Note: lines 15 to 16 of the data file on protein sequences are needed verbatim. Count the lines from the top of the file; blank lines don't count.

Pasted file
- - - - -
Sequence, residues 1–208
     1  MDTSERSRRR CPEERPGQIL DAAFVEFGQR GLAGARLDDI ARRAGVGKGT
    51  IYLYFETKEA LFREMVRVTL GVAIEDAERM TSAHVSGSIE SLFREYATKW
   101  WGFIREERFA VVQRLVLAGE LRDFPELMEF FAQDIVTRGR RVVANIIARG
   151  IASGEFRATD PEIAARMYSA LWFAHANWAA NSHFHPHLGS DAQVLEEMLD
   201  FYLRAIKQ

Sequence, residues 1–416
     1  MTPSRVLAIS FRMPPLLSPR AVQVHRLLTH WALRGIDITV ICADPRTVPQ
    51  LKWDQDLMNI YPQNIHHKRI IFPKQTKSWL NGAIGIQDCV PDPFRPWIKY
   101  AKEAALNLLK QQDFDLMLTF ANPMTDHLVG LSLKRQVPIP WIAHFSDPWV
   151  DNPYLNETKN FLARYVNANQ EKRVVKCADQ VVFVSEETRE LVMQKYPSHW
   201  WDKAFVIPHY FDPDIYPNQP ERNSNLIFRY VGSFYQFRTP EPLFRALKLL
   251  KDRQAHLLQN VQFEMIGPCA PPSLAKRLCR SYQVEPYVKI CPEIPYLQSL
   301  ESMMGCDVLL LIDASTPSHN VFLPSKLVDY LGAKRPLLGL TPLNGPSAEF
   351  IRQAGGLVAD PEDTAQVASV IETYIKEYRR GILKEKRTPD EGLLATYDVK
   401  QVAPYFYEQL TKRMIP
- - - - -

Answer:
   351  IRQAGGLVAD PEDTAQVASV IETYIKEYRR GILKEKRTPD EGLLATYDVK
   401  QVAPYFYEQL TKRMIP